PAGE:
Sunday, February 10, 2013

A brilliant, articulate, moving, well said open letter to Andrew Turner MP

Obviously I am not referring to anything I wrote.

Last week the House of Commons voted on whether or not to legalise same sex marriage.  They said yes.  About bloody time.  I felt very mixed during the whole run up to this.  On the one hand I wasn't too worried about the Commons voting against it because I was thinking it's 2013, who on earth can possibly still be against gay people getting married?  After all I thought, there's some opposition but that's from old stuck in their ways dinosaurs with no relevance and no real influence.  And anyway, there's only a few of them.

Then I was reading the live tweets about the Parliamentary debate and my blood was boiling.  Turns out there are a lot of ignorant, bigoted, hateful fucks in the Commons who were spewing some right awful bile.  The result was 400 for same sex marriage and 175 against.

175 of our elected officials view people wanting to commit to a same sex marriage (I won't say gay couple because that excludes same sex bisexual couples) as somehow second class.  As worth less.  As not allowed the same dignity, rights and privileges as opposite sex couples.

I am privileged to live in Norwich.  It is an open minded progressive city and I see very little homophobia.   What biphobia I see is unintentional from people who think they are paying you a compliment.  Maybe there are problems with homophobia here, but I don't see it as I am privileged to have a male partner.  Although I would argue that being bisexual and having a long term partner of the opposite sex isn't all glory and kittens, at least not when you are attempting to assert your bisexual identity.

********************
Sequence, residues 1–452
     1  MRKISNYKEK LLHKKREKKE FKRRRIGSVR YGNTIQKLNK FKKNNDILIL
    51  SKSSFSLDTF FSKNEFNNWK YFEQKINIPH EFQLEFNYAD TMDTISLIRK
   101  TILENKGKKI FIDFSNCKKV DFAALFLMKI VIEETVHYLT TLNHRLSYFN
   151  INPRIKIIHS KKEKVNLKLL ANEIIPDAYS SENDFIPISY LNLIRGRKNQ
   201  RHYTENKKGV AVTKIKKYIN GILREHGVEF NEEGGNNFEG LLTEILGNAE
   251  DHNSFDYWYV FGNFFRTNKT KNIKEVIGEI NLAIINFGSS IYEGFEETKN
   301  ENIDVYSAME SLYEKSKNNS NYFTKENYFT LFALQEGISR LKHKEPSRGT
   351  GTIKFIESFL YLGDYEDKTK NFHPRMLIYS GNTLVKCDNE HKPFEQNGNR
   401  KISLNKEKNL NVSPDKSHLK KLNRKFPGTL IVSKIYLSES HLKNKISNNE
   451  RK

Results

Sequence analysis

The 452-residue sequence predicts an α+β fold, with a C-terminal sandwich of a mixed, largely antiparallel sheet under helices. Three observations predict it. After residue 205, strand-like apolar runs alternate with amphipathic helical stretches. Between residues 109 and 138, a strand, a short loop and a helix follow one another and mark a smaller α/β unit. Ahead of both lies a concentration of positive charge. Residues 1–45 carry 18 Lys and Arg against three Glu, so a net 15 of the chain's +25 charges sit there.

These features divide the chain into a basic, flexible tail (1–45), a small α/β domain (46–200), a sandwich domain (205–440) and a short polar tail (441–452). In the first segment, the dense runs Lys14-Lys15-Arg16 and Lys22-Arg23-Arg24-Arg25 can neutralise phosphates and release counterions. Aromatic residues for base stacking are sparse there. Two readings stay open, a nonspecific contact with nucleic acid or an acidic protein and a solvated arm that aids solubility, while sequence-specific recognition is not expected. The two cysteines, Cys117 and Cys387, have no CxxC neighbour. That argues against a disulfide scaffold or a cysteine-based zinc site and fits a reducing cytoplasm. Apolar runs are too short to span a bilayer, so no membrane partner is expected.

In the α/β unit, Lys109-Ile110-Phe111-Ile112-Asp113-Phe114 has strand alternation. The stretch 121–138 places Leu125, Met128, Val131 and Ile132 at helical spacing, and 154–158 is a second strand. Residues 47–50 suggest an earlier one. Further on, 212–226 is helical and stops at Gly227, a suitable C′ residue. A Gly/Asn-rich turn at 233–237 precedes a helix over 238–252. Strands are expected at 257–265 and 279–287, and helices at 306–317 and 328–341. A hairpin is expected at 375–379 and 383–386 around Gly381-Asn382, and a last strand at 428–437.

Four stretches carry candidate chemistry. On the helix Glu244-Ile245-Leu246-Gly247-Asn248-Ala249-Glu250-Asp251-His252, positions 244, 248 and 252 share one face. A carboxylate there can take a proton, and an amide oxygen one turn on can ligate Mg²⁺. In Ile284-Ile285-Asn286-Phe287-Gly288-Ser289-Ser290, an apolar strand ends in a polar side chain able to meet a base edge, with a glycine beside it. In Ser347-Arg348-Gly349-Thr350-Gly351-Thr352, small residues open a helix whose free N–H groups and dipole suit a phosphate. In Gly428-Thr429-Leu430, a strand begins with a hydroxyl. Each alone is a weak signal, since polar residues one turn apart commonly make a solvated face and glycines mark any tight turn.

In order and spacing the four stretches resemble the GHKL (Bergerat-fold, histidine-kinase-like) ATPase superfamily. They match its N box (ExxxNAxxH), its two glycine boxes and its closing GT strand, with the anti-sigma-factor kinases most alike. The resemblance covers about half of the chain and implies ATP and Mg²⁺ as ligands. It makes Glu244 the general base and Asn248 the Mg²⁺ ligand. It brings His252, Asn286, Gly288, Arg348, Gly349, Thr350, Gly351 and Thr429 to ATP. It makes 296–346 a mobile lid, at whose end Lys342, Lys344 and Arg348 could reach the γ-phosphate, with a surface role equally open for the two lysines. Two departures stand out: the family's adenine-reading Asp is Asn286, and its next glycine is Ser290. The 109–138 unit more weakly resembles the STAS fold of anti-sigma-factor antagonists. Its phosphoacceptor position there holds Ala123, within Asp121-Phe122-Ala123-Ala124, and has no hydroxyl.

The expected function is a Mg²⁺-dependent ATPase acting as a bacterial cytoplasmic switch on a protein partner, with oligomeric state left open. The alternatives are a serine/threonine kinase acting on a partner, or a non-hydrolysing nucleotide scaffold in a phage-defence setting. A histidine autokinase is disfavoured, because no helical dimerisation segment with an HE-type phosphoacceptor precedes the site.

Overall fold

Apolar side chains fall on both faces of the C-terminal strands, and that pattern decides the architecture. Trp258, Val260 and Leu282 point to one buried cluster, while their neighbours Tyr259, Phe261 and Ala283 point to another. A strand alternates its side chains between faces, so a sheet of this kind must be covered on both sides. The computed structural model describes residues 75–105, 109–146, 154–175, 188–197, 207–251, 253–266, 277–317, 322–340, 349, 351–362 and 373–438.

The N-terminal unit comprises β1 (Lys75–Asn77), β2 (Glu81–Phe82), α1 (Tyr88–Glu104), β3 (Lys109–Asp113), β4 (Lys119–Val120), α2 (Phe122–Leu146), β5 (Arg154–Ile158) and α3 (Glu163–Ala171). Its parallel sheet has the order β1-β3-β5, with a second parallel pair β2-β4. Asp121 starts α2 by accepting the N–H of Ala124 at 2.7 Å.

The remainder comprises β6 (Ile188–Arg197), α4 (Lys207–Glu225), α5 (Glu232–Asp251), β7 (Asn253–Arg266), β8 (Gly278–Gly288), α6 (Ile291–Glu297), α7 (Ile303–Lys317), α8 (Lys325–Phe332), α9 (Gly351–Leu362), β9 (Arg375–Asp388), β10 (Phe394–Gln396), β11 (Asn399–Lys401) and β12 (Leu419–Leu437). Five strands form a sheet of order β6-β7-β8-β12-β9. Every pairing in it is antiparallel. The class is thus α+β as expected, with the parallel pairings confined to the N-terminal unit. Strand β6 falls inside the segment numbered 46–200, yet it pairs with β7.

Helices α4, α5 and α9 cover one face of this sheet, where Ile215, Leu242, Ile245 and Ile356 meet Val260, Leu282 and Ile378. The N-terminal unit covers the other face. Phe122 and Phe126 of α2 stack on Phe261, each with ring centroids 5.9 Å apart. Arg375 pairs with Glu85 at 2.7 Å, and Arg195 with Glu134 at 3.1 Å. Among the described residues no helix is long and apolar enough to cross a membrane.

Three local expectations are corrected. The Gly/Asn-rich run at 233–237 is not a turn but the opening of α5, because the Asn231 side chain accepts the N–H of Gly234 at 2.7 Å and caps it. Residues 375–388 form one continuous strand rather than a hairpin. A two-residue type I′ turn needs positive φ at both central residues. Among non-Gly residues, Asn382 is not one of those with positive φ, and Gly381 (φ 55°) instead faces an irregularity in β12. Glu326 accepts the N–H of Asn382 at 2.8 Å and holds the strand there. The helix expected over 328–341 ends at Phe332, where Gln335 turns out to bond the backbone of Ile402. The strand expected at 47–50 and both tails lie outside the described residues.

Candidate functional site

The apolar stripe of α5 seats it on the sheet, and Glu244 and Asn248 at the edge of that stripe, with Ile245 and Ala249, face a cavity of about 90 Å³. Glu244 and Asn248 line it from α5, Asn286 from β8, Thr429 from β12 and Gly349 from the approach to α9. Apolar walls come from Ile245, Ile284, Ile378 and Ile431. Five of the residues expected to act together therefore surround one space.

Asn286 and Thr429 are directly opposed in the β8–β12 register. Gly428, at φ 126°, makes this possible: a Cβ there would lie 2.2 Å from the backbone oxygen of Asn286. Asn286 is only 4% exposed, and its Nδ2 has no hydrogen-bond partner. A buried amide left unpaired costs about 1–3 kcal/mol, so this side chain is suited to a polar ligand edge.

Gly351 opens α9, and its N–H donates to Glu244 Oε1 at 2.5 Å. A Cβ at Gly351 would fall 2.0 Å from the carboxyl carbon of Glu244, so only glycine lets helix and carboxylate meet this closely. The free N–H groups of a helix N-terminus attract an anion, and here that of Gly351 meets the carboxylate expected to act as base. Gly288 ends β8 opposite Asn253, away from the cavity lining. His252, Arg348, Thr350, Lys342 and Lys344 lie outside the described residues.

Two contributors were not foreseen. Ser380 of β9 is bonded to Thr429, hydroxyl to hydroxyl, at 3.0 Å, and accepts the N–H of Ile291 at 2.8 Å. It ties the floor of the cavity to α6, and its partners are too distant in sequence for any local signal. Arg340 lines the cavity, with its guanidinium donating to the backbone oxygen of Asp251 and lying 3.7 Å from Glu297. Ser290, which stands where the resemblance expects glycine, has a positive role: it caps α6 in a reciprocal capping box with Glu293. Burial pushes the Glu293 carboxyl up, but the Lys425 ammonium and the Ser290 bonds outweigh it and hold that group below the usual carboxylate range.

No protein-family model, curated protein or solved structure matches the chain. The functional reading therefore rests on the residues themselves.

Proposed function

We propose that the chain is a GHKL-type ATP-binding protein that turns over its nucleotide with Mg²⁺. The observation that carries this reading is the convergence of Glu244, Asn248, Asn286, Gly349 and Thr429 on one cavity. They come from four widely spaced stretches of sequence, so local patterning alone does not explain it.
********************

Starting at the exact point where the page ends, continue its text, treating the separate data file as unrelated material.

I was genuinely shocked at the shit being spilled from our MPs mouths.  Then I got angry.  The news that the vote came in for same sex marriage made my night and made the day after much better.

Which is where this open letter comes in.  It's written by Howard Hardiman, creator of The Lengths and The Peckham House for Invalids.  I think Howard is about my age and everything he writes (apart from experiencing homophobic violence) applies to me.  Swap the bits about male gay role models for female gay role models and that was my life too.  I will re-blog it in it's entirety because it's important.

The Dangermouse art that goes with this post is also by Howard, and you can contact him if you would like something similar.


Dear Andrew Turner,

In light of the vote yesterday to afford equal marriage rights to all, I thought it might be a good moment to reflect on the social changes that have happened during my lifetime.

When I was growing up, the only representations of gay men I’d encountered were on Are You Being Served (I was a little too late to catch Round the Horne). Gay men were seen as either weakly inoffensive or paedophiles. Growing up as a young man aware that I wasn’t heterosexual, this was quite confusing as I knew I was neither. I came out the same year as the Don’t Die of Ignorance campaign and immediately was confronted by prejudice that said people like me deserved to die of a horrific wasting disease.